Blum: Hoiberg and the transfer shark tank

Brent Blum

Columnist

The first person to parachute out of an airplane was probably almost institutionalized. Same can be said for the first dude to jump in a shark tank. 

Anytime you are the first to try something new, there is a heaping amount of risk involved. Risk to your reputation and worse. In the aforementioned skydive and shark examples, a person could in fact die. Fred Hoiberg's player acquisition strategy did not involve sharks or parachutes, but the basketball traditionalists looked at him in the summer of 2010 as some sort of off-the-Vegas-strip huckster. Why is the clean cut Mayor chasing down "trouble-makers" like Royce White, Chris Allen and Anthony Booker? That will never work; if Tom Izzo can't get the guy to play hard, then the fresh-faced Hoiberg has no chance. A transfer here or there is fine, but assembling a team of them is a recipe for disaster.

With the signing of Hallice Cooke this week, Hoiberg has now inked 13 division one transfers in just over four years. Only one of those 13 transfers left Iowa State unexpectedly (Maurice Jones). And the Jones case was an NCAA clearinghouse issue from his previous stop and there was nothing Iowa State could have done to prevent it.

In men's college basketball today, roughly 40 percent of players will transfer in their career. This is growing by the year. Hoiberg was not the first to take a transfer, the practice has been a part of college basketball since forever. But Iowa State, under Hoiberg, is seemingly the first BCS conference school to get a majority of their players via the transfer route.

Under Hoiberg, Iowa State has signed nine high school players (note Melvin Ejim, Eric McKnight, Calvin Godfrey, Jordan Railey all signed while Greg McDermott was at the helm so they aren't included in this exercise). He has signed three junior college players and accumulated the 13 transfers.

So if you are a mathematician, of the 25 players that have penned a letter of intent to Hoiberg, 13 have transferred from other Division-1 schools. This, we can safely assume, has never been done at a power conference school.

The strategy has obviously worked tremendously. Iowa State built a team that returned just four letter winners when Hoiberg took the job to a three-time NCAA Tournament team and a potential national championship contender. This isn't quite Bill Snyder transforming K-State from the dead to the living, but the rapid ascent of the Iowa State program is something.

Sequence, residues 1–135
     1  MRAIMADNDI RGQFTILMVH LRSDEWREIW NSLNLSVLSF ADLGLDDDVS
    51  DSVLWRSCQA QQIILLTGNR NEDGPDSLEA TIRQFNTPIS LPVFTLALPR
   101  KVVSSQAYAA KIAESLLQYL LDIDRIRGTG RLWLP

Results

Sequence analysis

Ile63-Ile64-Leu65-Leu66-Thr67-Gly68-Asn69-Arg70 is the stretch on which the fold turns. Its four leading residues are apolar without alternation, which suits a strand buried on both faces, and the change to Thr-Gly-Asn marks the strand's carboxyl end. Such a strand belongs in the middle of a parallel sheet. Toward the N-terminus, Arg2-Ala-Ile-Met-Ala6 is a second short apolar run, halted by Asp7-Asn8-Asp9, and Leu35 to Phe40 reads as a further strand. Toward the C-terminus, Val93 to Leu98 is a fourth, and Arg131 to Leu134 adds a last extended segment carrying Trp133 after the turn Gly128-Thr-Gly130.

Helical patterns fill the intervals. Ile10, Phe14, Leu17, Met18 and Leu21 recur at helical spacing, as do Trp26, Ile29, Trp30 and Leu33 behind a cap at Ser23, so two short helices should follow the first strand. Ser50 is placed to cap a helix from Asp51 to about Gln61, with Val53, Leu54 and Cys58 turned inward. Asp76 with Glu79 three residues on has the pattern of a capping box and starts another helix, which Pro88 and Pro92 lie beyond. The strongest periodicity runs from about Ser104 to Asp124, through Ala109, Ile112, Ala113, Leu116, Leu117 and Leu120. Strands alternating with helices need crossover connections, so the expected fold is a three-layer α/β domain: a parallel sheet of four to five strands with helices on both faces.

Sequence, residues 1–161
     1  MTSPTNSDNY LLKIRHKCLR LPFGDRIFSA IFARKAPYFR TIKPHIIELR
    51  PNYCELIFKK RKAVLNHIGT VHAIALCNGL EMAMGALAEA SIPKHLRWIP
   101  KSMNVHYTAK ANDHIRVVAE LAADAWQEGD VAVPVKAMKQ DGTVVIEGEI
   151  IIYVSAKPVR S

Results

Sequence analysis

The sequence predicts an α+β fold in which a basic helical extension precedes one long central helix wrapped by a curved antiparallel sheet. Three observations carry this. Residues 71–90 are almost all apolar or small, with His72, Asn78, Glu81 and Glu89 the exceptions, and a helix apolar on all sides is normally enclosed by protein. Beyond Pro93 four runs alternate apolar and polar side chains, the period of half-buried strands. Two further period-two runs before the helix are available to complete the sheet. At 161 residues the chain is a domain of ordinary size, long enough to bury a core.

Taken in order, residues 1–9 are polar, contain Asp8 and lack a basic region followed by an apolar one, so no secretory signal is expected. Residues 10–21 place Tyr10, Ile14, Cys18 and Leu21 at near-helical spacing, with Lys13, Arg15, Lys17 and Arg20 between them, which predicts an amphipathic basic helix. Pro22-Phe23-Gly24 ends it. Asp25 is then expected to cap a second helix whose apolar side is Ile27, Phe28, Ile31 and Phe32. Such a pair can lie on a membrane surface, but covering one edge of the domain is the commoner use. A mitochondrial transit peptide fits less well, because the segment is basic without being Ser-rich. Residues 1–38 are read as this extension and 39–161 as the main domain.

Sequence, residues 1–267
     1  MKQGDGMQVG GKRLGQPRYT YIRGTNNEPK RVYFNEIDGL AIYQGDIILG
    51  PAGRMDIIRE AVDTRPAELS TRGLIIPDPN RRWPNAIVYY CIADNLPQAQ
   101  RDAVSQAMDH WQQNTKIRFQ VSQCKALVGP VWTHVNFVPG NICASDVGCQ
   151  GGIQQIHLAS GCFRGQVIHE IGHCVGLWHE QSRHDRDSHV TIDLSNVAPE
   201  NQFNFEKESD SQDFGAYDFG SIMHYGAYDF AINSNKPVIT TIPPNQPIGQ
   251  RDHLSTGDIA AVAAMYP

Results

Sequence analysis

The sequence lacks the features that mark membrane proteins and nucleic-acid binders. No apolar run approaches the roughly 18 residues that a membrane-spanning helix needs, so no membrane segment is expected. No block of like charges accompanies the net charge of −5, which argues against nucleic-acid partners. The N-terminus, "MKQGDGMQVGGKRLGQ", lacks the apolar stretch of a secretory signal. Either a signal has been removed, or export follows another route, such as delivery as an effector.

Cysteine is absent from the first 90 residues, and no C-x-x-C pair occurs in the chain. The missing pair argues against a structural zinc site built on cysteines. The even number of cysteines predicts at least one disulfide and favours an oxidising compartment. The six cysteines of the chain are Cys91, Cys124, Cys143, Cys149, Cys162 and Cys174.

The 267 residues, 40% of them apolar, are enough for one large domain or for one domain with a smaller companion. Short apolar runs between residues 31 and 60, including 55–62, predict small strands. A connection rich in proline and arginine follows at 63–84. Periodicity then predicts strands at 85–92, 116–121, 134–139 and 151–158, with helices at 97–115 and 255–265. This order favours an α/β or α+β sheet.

Now we see the scorned basketball traditionalists participating in the same free-agent season. The big-time schools all over America are saving one to two scholarships until April in hopes of adding a missing piece. For example, Mike Krzyzewski at Duke took just two transfers in his first 32 years at Duke. He has added two transfers in the last three seasons. He is not alone.

Anymore, the safest bet in acquiring talent is the transfer. First and foremost, college coaches have actual college game tape and numbers to analyze before giving out a scholarship. Hallice Cooke was lightly recruited by the power schools coming out of high school. He was a classic tweener guard and only averaged five points per game as a sophomore at powerhouse St. Anthony's High School in New Jersey.  But after he committed to Oregon State, played 26 minutes per game as a freshman and shot 45 percent from three in the monstrous Pac-12 conference, any questions about his ability to play at the elite level were erased. The hit rate on a transfer is almost guaranteed to be higher than a freshman because you know what you are getting. And even when dealing with the guaranteed elite high school talent, the chances of them sticking around for more than one or two years is a dicey proposition. Of the projected top 20 picks in the 2014 NBA Draft, there is one college junior or senior listed - Doug McDermott.

Not to mention, the overlooked factor in regards to transfers is it is highly unlikely they will transfer again. When two in five players are transferring out of programs, college coaches constantly weigh the battle of who will return next season. Greg McDermott was decimated in his tenure at Iowa State by roster upheaval. It is brutal to assemble a roster when a chess piece may vacate the board at the most inopportune time.

But once a player transfers and sits out a year, if they opt to leave again, they would have to sit out another entire year. No player wants to spend forty percent of their eligibility sitting in street clothes. Fred Hoiberg has benefited from this "last chance motel" scenario. For the initial guys with professional hoops aspirations like Royce White, Chris Babb and Chris Allen, if they failed at Iowa State, the opportunity to latch on somewhere else was essentially zero.

Hoiberg's initial 2010 foray into the transfer market puts Iowa State a step ahead of some of the other schools due to the proven track record he has accumulated. 

What started out as a last chance landing ground has turned into a opportunistic stage. Now the transfers are seeking out Iowa State because of the success previous men have had. Guys like Cooke and Abdel Nader are coming to the Cyclone program because it is a step up from where they were and gives them a chance to win on the highest level.

Iowa State is benefiting from jumping head first into the transfer shark tank before everybody else. The transfer stigma should be erased. Being first is only crazy if it doesn't work. 

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